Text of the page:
That's common for discounters like Wal-Mart, but a rarity for a mall-based department store — suggesting that Penney's middle-income customers are feeling the pinch as well. Penney's President and Chief Merchandising Officer Ken Hicks noted that the chain hasn't seen swings in spending around payday since about 1991, when the U.S. was entering a recession
At Wal-Mart, the volatility in spending around payday — a drop in spending in the days before, followed by spending bursts right afterward — has become even more pronounced since September. Chief Financial Officer Tom Schoewe told The Associated Press that shoppers are now unable to buy even necessities in the few days before payday.
Such swings became more dramatic last fall, but subsided when shoppers received their government rebate checks this past spring.
Eduardo Castro-Wright, president and chief executive of Wal-Mart's U.S. division, told investors last month that credit card payments as a percentage of total payments fell 7.4 percent so far in the current fiscal year, which ends in January. That's a big reversal from the robust double-digit growth rates in credit cards over the past three years, he said.
Target executives told investors late last month that it's seeing lower credit card usage among its shoppers for the first time since 2001-2003.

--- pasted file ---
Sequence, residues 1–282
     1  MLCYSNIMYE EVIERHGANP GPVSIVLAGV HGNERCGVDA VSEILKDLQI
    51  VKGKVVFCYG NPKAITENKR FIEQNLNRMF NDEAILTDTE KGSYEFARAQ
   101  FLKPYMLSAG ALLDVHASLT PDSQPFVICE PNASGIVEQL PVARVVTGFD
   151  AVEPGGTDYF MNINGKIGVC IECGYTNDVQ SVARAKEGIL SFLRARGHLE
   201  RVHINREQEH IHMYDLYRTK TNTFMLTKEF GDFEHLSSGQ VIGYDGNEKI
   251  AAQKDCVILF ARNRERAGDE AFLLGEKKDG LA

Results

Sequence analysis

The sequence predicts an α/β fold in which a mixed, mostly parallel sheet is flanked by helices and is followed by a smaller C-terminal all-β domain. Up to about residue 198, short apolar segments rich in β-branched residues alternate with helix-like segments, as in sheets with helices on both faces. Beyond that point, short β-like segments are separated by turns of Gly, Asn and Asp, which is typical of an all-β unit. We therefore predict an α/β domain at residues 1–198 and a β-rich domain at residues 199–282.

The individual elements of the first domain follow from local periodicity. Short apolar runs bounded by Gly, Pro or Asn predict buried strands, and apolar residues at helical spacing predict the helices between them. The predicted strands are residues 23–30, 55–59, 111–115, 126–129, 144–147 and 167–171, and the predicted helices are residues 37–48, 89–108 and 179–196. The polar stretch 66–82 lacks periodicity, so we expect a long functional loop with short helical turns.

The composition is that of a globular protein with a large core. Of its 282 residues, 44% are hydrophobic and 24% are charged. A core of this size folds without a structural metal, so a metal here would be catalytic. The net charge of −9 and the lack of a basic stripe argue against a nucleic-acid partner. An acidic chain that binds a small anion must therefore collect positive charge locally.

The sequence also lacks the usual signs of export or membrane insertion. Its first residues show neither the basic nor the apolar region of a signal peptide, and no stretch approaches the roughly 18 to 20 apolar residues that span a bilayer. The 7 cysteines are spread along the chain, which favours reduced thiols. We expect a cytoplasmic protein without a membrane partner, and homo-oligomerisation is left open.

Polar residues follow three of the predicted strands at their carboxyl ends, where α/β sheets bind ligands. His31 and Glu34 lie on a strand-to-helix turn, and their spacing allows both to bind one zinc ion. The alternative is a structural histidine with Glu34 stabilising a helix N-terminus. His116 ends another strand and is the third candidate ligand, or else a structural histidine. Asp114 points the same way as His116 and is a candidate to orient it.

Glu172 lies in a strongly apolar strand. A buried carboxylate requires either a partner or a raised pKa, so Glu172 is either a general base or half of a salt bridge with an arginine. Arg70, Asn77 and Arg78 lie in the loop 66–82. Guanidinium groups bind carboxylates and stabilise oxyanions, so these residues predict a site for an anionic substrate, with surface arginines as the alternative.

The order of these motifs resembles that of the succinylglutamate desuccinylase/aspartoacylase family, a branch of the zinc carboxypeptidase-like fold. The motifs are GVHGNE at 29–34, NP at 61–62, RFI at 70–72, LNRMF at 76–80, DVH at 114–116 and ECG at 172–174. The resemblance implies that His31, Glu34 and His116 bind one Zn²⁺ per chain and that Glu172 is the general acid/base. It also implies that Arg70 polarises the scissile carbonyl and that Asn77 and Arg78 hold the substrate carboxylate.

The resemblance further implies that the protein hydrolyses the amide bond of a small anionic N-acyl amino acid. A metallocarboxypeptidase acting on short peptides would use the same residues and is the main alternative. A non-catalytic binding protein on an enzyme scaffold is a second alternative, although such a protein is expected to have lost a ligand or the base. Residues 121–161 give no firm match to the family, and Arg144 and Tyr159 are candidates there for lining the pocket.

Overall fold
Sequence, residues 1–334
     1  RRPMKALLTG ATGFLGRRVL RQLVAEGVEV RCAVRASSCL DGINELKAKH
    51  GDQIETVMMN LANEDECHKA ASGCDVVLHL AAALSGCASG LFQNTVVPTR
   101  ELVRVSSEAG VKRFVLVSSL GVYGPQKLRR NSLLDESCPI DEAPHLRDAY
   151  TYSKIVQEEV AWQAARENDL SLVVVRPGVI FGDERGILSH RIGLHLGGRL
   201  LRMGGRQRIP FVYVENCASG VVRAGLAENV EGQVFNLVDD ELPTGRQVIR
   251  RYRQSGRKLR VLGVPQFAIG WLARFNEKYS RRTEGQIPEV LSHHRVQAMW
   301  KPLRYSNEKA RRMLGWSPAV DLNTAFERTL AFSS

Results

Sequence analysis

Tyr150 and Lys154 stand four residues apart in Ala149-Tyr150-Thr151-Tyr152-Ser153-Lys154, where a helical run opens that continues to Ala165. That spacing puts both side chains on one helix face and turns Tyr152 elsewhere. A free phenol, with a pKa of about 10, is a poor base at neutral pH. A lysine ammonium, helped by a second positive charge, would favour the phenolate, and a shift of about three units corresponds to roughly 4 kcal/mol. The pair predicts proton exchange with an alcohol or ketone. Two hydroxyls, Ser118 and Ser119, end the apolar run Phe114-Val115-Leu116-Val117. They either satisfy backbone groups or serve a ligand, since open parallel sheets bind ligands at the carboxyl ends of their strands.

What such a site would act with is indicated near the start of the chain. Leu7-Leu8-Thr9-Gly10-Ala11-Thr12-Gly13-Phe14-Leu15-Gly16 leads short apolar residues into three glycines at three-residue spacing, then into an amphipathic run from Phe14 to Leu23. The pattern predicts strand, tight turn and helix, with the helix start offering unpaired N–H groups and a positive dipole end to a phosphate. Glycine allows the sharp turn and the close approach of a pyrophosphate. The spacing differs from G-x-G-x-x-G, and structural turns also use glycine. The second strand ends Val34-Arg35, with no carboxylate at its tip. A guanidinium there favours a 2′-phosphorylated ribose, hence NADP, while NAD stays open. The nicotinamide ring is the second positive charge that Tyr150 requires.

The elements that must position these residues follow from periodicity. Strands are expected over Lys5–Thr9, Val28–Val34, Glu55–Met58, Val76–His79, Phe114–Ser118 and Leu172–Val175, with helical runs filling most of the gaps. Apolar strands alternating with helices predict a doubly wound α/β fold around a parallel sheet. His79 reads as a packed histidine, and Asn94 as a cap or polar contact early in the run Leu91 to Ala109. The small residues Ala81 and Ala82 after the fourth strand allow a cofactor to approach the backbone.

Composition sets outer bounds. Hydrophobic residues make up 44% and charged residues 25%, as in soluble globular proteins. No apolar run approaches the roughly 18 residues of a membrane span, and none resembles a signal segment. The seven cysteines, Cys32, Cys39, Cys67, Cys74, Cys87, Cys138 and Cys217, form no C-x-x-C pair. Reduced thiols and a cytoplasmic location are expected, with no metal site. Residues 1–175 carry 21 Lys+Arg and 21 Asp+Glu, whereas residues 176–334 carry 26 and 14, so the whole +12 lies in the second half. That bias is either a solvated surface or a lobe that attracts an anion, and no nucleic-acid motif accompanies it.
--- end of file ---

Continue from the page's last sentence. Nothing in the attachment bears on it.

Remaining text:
At Penney's, Hicks said that use of the company's store credit card was flat during the third quarter. The use of credit cards issued by other parties declined by a couple of percentage points as a percentage of overall payment, he noted, while cash was up by the same amount. Hicks said he hasn't seen a decline in credit card use in five or six years.
Scott Hoyt, senior director of consumer economics at Moody's Economy.com. said that Federal Reserve data has never shown an annual decline in credit card use, but he acknowledged that there isn't any solid payment data. Visa Inc. said that debit card growth is coming at the expense of cash and checks versus credit cards. And MasterCard Worldwide said consumers are increasingly paying with plastic — debit or credit — at the expense of cash and check, but didn't break out which portion was debit cards.